Data breaches are common, and billions of records have been lost to adversaries seeking corporate espionage, financial gain, or personal information. These attacks can occur from within the organization or by outsiders. DLP tools protect sensitive data from internal and external threats at rest or in motion. They can take several remedial actions when a policy violation is detected, including alerting and encrypting data.
Identifying sensitive data and preventing it from being transmitted to the wrong parties is a core requirement of a DLP security solution. However, it’s important to remember that the DLP tool is only one piece of a cybersecurity puzzle. The best DLP security software provides robust features that address an organization’s entire data lifecycle. The first step is to conduct a comprehensive inventory and assessment of an enterprise’s data. This will help to discover where sensitive data is stored and how it’s transferred. In addition, it will uncover any endpoints the DLP solution needs to protect from attack. Next, businesses should classify the data so they know what to look for. A DLP solution can help by automatically identifying and categorizing sensitive information. This is essential, as it can be difficult for human eyes to recognize what’s considered sensitive. Once organizations have classified their data, they can create policies for handling it. These policies should be based on both risk and business necessity. For example, a policy may require that all personally identifiable information (PII) be encrypted when it’s being transferred externally. This will ensure that even if the data is intercepted, it will not be usable by hackers.
Sophisticated attackers conduct targeted cyber attacks to steal sensitive information. DLP solutions prevent data exfiltration by detecting suspicious data transfer, blocking it, and alerting security teams. This is particularly important because data loss can lead to costly lawsuits, regulatory non-compliance fines, and exposure to intellectual property. The DLP tool’s central management capabilities also help organizations comply with evolving global regulations. DLP tools can monitor data at rest and in motion, in the cloud, or on local storage devices. They can detect PII (personally identifiable information), financial information, public data, and other sensitive categories of information. They can use a taxonomy to define a set of stringent protection protocols for each category and alert employees of activities that might violate the policies. To choose the best DLP solution, ITDMs should consider what they want to defend against – internal or external threats. External Attack Surface Management can also help assess and mitigate external threats effectively. Do they need the ability to perform content inspection and contextual scanning of unstructured data? Do they need protection for data at rest and in transit? What are their required technology integrations and deployment timeframes?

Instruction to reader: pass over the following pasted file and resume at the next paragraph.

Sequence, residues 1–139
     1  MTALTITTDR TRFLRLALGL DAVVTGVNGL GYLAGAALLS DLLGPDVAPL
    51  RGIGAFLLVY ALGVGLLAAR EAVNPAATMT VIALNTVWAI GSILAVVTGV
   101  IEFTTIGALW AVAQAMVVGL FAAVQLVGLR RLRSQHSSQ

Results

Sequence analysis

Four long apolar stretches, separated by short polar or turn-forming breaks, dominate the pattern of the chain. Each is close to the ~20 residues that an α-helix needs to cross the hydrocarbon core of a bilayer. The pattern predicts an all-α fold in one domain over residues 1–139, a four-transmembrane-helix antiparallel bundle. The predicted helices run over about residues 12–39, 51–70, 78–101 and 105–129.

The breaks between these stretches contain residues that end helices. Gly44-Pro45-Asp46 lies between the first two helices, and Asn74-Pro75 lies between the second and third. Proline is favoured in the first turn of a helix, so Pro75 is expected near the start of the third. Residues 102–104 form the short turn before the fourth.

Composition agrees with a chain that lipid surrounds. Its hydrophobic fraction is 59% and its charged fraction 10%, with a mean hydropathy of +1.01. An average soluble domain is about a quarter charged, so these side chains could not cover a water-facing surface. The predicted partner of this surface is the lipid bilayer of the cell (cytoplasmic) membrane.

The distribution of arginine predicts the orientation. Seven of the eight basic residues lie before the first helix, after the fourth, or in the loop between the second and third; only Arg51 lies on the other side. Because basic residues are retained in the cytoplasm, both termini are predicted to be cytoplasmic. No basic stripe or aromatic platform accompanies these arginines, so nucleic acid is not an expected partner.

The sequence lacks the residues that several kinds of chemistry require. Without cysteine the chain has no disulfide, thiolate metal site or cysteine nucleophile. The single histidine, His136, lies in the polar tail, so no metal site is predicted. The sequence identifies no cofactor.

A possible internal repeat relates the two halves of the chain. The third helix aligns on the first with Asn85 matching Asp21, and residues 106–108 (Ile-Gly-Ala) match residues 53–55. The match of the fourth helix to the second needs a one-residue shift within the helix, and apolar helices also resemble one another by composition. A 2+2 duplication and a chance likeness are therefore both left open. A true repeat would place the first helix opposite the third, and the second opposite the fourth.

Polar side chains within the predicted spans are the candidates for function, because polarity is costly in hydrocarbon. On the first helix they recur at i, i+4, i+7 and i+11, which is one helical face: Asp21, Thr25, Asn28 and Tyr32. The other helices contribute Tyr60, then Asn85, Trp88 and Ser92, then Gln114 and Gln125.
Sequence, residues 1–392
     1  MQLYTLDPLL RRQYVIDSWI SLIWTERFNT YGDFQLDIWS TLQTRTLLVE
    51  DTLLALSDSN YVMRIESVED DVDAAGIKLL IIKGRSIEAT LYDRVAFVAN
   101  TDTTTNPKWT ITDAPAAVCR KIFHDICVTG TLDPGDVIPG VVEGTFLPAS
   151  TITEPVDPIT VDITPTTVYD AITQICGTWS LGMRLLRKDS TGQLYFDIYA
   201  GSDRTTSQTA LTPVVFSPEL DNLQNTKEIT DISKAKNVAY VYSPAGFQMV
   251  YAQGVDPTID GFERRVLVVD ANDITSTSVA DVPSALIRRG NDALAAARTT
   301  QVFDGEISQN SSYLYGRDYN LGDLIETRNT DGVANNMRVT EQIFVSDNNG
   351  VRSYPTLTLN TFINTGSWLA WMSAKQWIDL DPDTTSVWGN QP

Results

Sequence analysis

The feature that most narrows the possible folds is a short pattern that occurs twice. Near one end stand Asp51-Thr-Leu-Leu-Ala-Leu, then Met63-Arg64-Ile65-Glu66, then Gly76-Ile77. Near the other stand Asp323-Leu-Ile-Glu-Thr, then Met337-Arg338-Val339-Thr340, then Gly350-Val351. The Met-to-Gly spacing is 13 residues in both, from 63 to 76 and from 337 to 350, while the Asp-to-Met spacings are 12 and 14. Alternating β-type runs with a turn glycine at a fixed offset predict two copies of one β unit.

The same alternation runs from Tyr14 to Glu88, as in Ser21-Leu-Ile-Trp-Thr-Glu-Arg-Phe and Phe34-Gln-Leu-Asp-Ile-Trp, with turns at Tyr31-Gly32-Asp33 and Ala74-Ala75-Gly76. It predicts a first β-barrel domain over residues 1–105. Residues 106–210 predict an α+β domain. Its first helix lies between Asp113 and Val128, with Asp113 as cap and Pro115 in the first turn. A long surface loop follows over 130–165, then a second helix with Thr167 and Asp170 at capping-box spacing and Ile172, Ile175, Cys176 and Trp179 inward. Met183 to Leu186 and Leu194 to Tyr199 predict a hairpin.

A DLP solution ensures that sensitive data does not leave the network where it belongs. This ensures compliance with regulations like GDPR, PCI-DSS, and others that require data monitoring at rest and in transit.
This data includes personal information such as names, addresses, emails, and financial information such as bank account numbers and credit card numbers. It also includes other sensitive content such as trade secrets, research and development findings, and intellectual property. This data is often the target of attackers for financial gain, corporate espionage, and other malicious activities. As organizations produce more and more data, protecting that data at all costs is essential. This is especially true when adversaries are active in the form of sophisticated hackers who seek financial gain, corporate espionage, or political influence. Adversaries can attack the business from inside or outside the network, resulting in data breaches affecting millions of users. A DLP system can detect when sensitive data is being shared, intentionally or unintentionally, and take action to prevent the data from leaving the network, such as logging for auditing purposes, displaying a warning to the employee, and blocking access or transmission of the data. This can help mitigate the impact of large-scale data breaches. It can also protect the company from lawsuits from those whose data is lost due to negligence or malicious activity.
In a time when cyber threats are evolving faster than ever, CISOs need DLP solutions that can automate their monitoring and blocking capabilities. This allows security teams to focus on other priorities and prevents the human factor from compromising systems and processes. A robust DLP program monitors data at rest and in transit across multiple digital touchpoints such as laptops, servers, cloud applications, IoT devices, and remote endpoints. It can scan for sensitive information that could be sent in a file or copied to USB, for example, and block it before it leaves the network. It also can detect unauthorized network access and alert security teams to possible breaches. DLP solutions use various methods to find sensitive information, such as file checksum analysis (using hashing algorithms to identify changes), partial data matching, dictionary terms or lexicon matches, and statistical analysis. They can also use machine learning to detect and categorize unstructured data such as documents, templates, and forms. The key to successful DLP is ensuring a business understands its sensitive data. This starts with a complete inventory and assessment of all data assets, then establishing policies to determine how to handle each data type. It’s recommended that businesses prioritize their most valuable assets. It’s also essential to have a centralized DLP program, as implementing different plans across departments and business units will result in inconsistent protections and a lack of visibility.